Yahoo! Mother Board summit was discussing online safety. They showed us a video on one family's experience. Their daughter seemed like a fairly normal teenager; no real signs of danger or trouble. When she started to pull away a little from the family, they assumed that it was a natural development milestone, and respected her need for space. They were your typical family.
Until the mother found their daughter had hung herself in her room. They learned later that she had sent a picture of herself unclothed to a guy. That guy passed it on until eventually, it was on the internet.
In the discussion that followed, they talked about the moments that might have changed the outcome. If the boy that had received the photo had not forwarded it; if someone that received it had told his parents or her parents; and, of course, if she had never sent it.
The Yahoo! experts have broken down the issue to 3 C's: keep Current, keep Communicating, keep Checking.
Keep Current: As with everything, education is our most powerful tool for parents. We need to know the capabilities of the latest technology, the popular sites, the lingo, and utilize what we can to keep our children safe from the first time they explore the web until they're 18.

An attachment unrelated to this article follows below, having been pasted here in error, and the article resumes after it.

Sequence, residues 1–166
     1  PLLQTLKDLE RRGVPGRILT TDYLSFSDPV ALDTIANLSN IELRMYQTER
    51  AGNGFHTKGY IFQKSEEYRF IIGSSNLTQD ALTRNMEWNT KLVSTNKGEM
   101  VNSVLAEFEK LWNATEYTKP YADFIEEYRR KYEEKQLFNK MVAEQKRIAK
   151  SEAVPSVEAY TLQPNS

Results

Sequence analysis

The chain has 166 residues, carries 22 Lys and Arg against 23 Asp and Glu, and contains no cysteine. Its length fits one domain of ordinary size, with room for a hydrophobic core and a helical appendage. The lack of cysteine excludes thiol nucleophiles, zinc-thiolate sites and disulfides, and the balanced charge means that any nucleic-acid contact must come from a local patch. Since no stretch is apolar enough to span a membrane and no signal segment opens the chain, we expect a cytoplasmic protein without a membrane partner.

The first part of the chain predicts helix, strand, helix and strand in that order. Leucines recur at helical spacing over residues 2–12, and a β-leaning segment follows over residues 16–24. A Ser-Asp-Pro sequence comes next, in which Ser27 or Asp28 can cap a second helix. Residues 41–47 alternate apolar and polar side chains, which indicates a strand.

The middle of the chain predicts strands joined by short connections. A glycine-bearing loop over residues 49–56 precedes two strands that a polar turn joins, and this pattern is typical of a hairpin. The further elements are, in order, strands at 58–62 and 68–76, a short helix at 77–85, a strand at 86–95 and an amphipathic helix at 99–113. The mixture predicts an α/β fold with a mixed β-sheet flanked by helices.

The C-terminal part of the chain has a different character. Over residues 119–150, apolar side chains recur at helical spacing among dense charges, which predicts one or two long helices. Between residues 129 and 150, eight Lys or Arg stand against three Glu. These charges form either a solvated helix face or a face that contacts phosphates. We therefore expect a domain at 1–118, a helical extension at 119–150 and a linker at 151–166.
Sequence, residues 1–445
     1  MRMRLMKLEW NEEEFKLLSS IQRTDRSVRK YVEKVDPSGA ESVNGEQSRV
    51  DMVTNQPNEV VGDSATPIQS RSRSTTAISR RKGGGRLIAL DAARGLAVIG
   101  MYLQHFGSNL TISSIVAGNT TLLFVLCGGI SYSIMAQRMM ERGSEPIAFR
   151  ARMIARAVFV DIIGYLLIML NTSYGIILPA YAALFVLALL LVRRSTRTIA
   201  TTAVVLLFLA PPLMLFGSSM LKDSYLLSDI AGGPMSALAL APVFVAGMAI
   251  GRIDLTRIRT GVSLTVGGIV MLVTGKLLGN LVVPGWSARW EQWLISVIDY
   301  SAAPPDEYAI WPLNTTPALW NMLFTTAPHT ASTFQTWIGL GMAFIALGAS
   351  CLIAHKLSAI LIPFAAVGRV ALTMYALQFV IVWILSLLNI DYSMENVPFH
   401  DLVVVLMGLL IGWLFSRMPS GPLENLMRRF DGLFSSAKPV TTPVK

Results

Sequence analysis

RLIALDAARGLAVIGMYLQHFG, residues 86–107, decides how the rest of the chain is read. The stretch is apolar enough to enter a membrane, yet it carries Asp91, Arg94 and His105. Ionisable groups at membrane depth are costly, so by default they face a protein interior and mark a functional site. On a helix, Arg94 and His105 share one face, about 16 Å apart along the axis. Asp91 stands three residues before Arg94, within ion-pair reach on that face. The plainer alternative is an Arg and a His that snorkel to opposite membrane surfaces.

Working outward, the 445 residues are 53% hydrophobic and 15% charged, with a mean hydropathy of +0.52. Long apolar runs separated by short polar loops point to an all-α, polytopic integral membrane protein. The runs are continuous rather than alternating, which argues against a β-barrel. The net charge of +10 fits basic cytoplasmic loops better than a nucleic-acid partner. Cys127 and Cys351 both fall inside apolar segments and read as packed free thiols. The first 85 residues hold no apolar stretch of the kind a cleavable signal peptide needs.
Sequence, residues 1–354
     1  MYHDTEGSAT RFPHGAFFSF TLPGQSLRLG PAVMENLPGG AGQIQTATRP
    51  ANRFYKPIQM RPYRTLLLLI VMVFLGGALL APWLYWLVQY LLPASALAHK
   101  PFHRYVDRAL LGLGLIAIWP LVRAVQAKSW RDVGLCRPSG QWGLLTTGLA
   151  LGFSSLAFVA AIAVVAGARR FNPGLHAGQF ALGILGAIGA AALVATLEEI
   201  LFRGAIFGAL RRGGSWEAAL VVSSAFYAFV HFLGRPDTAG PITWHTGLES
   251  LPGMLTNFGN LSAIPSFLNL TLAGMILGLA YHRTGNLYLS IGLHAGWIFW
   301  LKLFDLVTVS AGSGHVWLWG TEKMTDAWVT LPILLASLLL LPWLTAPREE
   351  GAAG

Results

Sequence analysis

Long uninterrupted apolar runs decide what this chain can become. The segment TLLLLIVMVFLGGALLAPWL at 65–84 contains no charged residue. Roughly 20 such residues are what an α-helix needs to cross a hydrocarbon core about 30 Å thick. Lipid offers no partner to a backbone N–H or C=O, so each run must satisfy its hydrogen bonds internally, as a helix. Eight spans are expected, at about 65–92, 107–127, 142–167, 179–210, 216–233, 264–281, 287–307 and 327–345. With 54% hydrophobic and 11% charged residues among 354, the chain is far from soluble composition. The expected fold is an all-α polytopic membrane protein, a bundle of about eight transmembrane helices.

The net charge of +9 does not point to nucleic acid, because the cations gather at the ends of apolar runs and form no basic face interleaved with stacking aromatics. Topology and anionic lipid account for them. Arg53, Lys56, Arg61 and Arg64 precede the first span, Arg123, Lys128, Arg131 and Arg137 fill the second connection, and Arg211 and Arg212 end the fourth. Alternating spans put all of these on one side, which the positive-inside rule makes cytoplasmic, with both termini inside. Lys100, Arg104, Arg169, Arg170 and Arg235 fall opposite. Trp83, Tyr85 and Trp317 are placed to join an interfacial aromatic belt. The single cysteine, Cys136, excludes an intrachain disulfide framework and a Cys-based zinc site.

Keep Communicating: As they get older, the conversation needs to grow with them. When they're young, the most common fears are cyber-predators and cyberbullying. The conversation cannot end when they reach their teen years. Both girls and boys need to be aware of the possible legal consequences to their actions. They should be thinking about how what they post can affect their lives later. Employers are googling applicants now. When they're in college, they should avoid posting pics of their beer pong parties. They also need to be aware of what their friends are posting. I suggest setting up a daily search alert for their names, their schools and any organizations in which they are active.
Keep Checking: Keep checking their web history, their pictures and videos, their calling history for any odd area codes. If they're not following the rules, then their technology privileges can be taken away. A cell phone is not a right, and most kids simply don't need the latest and greatest technology out there.
I still had one burning question, which I discussed with fellow Mother Board members at dinner. What do I do if the worst happens?
Because let's face it, teenagers do things behind our backs. I can do everything in my power to prevent problems, but I also want to make sure that any mistakes they make aren't irreparable.
In the event that a picture or something is out there that my daughter does not want the world to see, she will know that she can come to me and we will work together to remove it as best as we can. We will call those that have access to it, and their parents, and we will come together to minimize the damage as best we can.
I hope, of course, that it never comes to that, but I feel a little better at least having a plan in the worst case scenario.